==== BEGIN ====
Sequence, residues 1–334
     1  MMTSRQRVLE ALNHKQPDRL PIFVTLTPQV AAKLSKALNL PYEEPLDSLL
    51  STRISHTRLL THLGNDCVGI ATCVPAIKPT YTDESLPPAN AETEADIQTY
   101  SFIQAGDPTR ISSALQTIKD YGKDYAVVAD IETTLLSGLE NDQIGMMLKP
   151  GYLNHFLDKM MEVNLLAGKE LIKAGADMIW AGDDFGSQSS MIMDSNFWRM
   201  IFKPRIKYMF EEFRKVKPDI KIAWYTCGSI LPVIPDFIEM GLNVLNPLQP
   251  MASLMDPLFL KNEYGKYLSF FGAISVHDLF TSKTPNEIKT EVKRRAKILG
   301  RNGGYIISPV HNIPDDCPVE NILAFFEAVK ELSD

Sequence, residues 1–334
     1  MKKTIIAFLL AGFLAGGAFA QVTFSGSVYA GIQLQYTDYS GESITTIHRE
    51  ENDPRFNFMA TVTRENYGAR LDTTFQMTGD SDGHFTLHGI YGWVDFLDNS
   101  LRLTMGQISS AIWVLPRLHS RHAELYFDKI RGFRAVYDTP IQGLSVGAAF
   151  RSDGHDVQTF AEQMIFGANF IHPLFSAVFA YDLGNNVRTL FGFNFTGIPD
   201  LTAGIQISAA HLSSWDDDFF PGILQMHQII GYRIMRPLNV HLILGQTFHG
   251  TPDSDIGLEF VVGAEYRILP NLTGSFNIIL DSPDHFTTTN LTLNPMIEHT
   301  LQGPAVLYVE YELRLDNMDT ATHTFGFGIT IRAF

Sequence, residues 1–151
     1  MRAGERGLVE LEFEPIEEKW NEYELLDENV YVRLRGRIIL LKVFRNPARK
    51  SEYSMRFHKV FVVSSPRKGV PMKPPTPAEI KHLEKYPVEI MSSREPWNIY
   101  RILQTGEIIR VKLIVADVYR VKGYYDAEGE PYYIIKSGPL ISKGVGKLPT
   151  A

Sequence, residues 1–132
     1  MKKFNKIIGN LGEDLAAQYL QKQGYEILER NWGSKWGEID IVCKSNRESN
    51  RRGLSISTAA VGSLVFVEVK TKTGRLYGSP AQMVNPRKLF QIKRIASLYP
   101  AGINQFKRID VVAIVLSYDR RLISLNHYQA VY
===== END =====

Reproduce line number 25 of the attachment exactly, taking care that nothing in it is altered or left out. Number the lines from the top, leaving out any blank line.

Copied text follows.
   101  AGINQFKRID VVAIVLSYDR RLISLNHYQA VY